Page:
Boss Tweed, of Tammany Hall notoriety, said it:
"I don't care who does the electing, so long as I get to do the nominating."
(Quoted by Jason Riley, Wall Street Journal, 11/2/16)
Think of all the poor saps, and dupes (like us), who have wasted their effort and their sincerity, working to elect party-system candidates. What a mighty outpouring of time and effort, just to help things get worse and worse!
"In a republic, whoever controls nominations for elective offices controls the resulting government."
[such as in Iran, Cuba, China, the old Soviet bloc; Tammany Hall, and Chicago] --from The Right To Nominate, pg 9
This axiom remains true in our two-party system. Less obvious perhaps, but still true. (Just ask Boss Tweed.) It reveals how political parties took away the American people's sovereignty.
The People As Objects
If the people's Right to Nominate is lost, usurped or stolen, then the people lose their sovereignty and become Objects of manipulation.
The People Subjected
If the people do not have the power or means to nominate their own candidates, then they will remain Subject to the manipulations of those who do nominate candidates.
--Right to Nominate, pp. 151-152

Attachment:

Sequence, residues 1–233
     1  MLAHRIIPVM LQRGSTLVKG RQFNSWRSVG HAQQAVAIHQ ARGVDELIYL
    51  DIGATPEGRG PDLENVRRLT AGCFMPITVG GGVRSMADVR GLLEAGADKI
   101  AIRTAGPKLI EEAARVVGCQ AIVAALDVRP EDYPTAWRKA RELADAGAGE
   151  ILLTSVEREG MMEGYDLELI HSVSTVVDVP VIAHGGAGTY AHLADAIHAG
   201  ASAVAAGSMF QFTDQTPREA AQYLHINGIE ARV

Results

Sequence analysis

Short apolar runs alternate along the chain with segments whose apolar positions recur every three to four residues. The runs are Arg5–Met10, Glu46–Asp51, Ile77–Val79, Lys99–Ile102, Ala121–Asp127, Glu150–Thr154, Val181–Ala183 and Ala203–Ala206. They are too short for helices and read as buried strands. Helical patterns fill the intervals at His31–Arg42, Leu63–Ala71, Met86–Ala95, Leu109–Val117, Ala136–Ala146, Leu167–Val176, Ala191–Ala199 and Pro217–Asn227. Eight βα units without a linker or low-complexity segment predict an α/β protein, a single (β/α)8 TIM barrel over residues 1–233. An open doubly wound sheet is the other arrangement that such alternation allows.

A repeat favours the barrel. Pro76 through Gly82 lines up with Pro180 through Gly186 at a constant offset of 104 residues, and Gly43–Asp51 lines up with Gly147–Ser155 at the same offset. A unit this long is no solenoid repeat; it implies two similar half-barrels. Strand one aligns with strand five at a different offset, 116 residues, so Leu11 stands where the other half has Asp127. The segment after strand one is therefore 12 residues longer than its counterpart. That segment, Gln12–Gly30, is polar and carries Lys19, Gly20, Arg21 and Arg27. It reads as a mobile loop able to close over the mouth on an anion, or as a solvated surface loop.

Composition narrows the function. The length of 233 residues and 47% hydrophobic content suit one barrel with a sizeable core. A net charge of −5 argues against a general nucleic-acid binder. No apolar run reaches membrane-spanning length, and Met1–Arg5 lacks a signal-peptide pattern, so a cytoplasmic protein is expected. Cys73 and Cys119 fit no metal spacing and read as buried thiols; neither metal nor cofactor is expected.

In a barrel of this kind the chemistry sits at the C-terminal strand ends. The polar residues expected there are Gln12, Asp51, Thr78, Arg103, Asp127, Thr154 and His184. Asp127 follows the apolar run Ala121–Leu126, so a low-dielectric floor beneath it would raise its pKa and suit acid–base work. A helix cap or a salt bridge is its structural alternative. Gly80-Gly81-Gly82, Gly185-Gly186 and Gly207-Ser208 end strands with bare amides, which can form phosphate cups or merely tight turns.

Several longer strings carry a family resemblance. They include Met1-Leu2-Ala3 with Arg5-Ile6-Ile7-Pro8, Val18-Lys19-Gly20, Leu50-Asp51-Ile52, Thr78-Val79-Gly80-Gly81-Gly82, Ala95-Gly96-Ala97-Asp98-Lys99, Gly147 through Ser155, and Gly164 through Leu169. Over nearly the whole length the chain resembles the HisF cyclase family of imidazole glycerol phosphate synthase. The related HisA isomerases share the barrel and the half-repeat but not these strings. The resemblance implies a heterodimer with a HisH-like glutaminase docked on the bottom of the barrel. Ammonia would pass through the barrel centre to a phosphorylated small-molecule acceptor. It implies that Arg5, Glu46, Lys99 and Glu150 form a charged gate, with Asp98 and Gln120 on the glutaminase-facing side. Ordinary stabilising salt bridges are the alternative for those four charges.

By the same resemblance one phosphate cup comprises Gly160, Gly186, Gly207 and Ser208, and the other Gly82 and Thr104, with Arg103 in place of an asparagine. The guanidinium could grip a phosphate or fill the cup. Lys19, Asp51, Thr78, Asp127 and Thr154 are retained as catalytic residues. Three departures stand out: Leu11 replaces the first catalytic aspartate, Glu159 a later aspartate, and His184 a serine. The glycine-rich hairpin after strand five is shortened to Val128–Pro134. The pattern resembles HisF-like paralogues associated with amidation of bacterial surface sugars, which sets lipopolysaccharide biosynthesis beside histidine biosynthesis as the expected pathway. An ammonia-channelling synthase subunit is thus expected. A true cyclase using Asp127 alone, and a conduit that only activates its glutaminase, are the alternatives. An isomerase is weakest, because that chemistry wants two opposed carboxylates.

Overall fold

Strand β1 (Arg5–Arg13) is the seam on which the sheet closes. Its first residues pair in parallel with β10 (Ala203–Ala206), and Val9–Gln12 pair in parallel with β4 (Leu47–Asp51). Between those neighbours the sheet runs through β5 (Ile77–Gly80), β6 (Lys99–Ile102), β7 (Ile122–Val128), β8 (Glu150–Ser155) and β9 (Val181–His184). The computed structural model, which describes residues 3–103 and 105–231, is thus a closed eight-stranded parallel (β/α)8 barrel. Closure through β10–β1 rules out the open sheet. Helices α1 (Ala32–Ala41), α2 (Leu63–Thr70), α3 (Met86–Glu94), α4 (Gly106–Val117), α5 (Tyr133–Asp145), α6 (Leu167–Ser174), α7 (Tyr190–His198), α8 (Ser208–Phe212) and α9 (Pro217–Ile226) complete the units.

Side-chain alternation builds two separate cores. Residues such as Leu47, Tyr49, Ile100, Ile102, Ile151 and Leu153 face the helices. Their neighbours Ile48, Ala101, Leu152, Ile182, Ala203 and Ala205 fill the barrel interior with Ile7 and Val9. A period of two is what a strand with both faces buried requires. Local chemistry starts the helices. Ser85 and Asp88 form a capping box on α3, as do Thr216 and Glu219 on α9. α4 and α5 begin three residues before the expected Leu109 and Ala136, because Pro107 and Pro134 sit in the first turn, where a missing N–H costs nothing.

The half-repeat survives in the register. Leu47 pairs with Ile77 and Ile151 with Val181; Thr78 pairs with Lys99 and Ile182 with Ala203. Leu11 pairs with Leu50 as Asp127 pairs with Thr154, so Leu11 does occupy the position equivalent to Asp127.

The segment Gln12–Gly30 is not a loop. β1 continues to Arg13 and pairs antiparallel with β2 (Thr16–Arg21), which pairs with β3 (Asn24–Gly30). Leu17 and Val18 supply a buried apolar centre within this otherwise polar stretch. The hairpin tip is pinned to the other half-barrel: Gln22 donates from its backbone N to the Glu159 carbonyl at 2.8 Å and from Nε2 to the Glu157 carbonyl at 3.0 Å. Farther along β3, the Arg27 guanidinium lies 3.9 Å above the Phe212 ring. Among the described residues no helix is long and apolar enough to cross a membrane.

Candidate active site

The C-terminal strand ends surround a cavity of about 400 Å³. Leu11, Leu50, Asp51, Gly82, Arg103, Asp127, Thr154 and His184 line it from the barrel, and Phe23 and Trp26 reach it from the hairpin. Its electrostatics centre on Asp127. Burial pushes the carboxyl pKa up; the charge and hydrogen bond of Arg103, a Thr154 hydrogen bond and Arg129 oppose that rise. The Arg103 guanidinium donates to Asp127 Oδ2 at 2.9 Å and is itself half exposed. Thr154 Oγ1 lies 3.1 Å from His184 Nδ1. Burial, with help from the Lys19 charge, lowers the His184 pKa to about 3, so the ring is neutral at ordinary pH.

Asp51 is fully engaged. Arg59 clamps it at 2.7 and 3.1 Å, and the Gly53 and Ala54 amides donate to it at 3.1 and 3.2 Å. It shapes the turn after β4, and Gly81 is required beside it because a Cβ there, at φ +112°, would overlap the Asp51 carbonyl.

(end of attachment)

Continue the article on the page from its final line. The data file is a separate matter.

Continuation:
"The people of a republic must possess the power and the means, independent of the government and independent of all parties and interest groups, to seek out and nominate their own candidates for public office."
"The people must have the power in their own hands to nominate candidates, regardless of whether political parties exist or do not exist. And †hey must have this power independent from parties, if parties do exist." --ibid.
Primary Elections Do Not Solve This Problem
"...everyone in a primary is either a party member or self-nominated...so virtually all nominees emerging from primaries will be what? Party candidates. So control of government stays in the hands of the parties and party leaders..." --Ibid.
Your Old Boss's way of thinking is alive and well in your current Party Boss's mind.
* Additional recommended reading: Rude Republic, by Altschuler & Blumin. 2 Cornell scholars do real investigative history on 19th century party politics, giving us a far more accurate picture..